Speaking Of Life 2012 | Refreshing Voices
“I planted, Apollos watered, but God gave the growth.”
These are the words of Paul to the Corinthian community. The problem Paul addresses there was division. Corinth was a cosmopolitan community in which everyone was after the latest thing.
They were looking for the latest teacher fad that would have them ahead of the crowd and up with the newest thing. Notice Paul’s words:
“For when one says, “I belong to Paul,” and another, “I belong to Apollos,” are you not merely human?” 1 Corinthians 3:4 NRSV)
Everyone was trying to one-up each other on who they were following. “I’m listening to the new podcast from Paul!” “That’s nothing! I have an autographed first edition Thessalonians!” Everybody is in-fighting over who’s the best and brightest and newest.
David Ogilvy, father of modern-day advertising, talked about what he felt was negligible difference between top-shelf and mid-shelf whiskey. He said it came down to presentation: “It isn’t the whiskey they choose, it’s the image. The brand image is 90 percent of what the distiller has to sell…They are tasting images.”
Drinkers didn’t particularly like one whiskey over another, they couldn’t discern between the different blends, they just liked the image of it. Whether it is the southern genteel image of Jack Daniels, the wild western image of Buffalo Trace, or images of any other popular brands.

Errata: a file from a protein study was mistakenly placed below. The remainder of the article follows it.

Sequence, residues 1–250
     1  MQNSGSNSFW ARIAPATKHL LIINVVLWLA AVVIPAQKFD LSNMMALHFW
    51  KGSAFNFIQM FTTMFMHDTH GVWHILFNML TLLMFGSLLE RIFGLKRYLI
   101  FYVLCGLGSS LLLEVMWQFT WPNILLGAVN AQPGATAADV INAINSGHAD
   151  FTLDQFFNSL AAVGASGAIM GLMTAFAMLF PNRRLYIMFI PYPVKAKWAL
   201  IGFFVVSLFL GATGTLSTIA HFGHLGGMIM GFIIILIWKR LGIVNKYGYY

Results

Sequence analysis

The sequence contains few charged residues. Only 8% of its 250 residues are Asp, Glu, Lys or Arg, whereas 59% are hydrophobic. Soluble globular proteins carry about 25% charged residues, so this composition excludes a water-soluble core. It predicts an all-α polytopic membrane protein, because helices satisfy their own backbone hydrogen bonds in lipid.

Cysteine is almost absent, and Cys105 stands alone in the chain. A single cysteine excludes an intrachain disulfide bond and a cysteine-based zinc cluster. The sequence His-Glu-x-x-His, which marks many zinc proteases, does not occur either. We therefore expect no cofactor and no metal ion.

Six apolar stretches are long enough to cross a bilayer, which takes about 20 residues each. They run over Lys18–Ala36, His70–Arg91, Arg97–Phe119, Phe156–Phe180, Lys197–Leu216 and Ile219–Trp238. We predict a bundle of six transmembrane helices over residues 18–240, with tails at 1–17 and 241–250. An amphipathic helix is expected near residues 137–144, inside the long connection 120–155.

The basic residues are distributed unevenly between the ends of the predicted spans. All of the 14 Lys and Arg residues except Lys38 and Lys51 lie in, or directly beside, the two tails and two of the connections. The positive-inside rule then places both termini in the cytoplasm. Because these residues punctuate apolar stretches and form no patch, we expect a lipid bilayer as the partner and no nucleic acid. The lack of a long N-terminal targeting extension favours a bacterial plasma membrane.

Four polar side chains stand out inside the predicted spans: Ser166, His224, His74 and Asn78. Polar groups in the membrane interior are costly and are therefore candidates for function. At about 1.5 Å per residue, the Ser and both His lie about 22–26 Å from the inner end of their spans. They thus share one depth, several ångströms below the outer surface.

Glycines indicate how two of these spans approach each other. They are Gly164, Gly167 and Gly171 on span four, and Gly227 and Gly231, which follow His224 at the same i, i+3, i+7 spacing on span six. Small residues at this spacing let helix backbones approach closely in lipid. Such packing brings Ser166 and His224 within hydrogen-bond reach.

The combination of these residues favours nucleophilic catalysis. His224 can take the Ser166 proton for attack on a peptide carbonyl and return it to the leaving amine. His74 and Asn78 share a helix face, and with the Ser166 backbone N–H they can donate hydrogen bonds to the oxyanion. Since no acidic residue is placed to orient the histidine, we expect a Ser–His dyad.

The Corinthian community was after an image, trying to be in the in-crowd. Division was the result, with each trying get the best brand and taste the best image of the gospel.
Paul demolishes this kind of dime-store idolatry. He shows them that all these leaders are part of the same process and that the cause is more important than the individuals involved.
“What then is Apollos? What is Paul? Servants through whom you came to believe, as the Lord assigned to each. I planted, Apollos watered, but God gave the growth. So neither the one who plants nor the one who waters is anything, but only God who gives the growth.” (1 Corinthians 3:5-7 NRSV)
He shows them that the teachers, however memorable or eloquent they may be, are only one small part of the big picture; the big picture is God rescuing his people from sin, and the individual pixels are nothing without each other.
In a world not just drinking, but drunk on images, how can we be a refreshing voice? Rather than being remembered for our presentation or our style, can we instead be remembered for being conduits of Christ’s light and love? For being image-bearers and servants of the magnificent Triune God? For remembering and reminding others that it is God who gives the growth and deserves the glory?
Can we be remembered for being refreshing voices?
I’m Greg Williams, speaking of life.